Overall, the main characteristics are “very similar” to the diagnostic features of substance use disorders and gambling disorder, he said. Gambling disorder “is another category of clinical conditions which are not associated with a psychoactive substance use but at the same time being considered as addictive as addictions.”
For a diagnosis to be made, the negative pattern of behavior must last at least 12 months: “It cannot be just an episode of few hours or few days,” Poznyak said. However, exceptions can be made when the other criteria are met and symptoms are severe enough.

Psychologists Criticize WHO Decision to Recognize ‘Gaming Disorder’

On Monday, the World Health Organization announced that “gaming disorder” is now officially considered a mental health condition. While this change means gaming disorder is now an illness as far as the WHO is concerned, that doesn’t mean mental health professionals don’t still have deep concerns about the classification.

“Gaming disorder” will be included in the 11th edition of the WHO’s International Classification of Diseases, the guidebook used by doctors and insurance companies to label diseases and injuries as well as to figure out what insurance will cover. Its criteria for gaming disorder are three-fold: having trouble controlling your gaming, gaming more and more instead of taking part in other activities, and continuing to game despite consequences. These criteria sound pretty clear-cut, but some psychologists say that gamers who play a lot don’t necessarily have a problem. They also argue that labeling excessive gaming a “disorder” will not only create a problem where one doesn’t exist but will also make it harder to diagnose and treat the anxiety or mood disorders that may underlie problematic video gaming.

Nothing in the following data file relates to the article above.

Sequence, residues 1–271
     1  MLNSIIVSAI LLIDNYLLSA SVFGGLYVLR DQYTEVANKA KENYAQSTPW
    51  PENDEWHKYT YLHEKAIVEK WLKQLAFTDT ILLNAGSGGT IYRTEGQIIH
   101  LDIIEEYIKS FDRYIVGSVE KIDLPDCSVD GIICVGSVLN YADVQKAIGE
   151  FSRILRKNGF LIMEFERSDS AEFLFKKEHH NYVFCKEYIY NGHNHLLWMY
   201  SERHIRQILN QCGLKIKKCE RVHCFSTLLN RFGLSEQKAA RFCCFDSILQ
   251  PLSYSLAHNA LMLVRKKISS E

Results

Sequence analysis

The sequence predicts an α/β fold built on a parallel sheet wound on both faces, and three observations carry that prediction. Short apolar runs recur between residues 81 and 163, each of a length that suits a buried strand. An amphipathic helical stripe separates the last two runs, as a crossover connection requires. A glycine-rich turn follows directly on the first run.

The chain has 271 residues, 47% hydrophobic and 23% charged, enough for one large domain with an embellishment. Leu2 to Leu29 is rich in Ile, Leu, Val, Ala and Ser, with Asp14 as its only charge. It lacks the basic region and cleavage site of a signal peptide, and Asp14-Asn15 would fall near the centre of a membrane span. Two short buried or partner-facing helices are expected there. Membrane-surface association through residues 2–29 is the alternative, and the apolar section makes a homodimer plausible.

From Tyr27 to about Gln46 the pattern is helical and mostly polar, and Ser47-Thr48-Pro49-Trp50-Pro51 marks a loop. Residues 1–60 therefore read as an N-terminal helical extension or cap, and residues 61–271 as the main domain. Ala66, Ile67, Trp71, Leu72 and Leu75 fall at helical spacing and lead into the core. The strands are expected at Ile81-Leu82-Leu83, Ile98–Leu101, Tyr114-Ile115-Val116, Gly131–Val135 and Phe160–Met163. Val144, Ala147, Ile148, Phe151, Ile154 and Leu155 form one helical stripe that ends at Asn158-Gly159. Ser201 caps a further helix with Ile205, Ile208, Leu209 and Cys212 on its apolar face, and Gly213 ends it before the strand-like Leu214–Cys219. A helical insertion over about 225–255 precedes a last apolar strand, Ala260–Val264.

Psychologist Anthony Bean, Ph.D. tells Inverse that the move by the WHO is “definitely premature.” A clinical psychologist and researcher who specializes in gaming, Bean recently published a book called Working with Video Gamers and Games in Therapy: A Clinician’s Guide for other psychologists who are treating gamers. He worries that if gaming is treated as a behavioral disorder in and of itself, patients’ underlying issues may be ignored.

“I see gaming usually as what we call a secondary condition to a primary of depression or anxiety when they come into a therapy session,” he says. “And as you work with anxiety or depression, the gaming reduces significantly.” In other words, it’s likely that patients who may be diagnosed with gaming disorder are using video games as a way to cope with these other mental health issues.

Bean also worries that the language used in the ICD-11 is so broad that it could lead to a diagnosis in people who are simply enthusiasts. If there isn’t sufficient research to support the WHO’s claim that video gaming is harmful in these individuals’ lives, this move could lead to classifying someone’s innocent enthusiasm for their hobby as a mental illness. As Inverse reported in 2017, researchers have found that people who might fit the American Psychiatric Association’s criteria for gaming disorder do not have negative effects in their lives in a way that would suggest a disorder.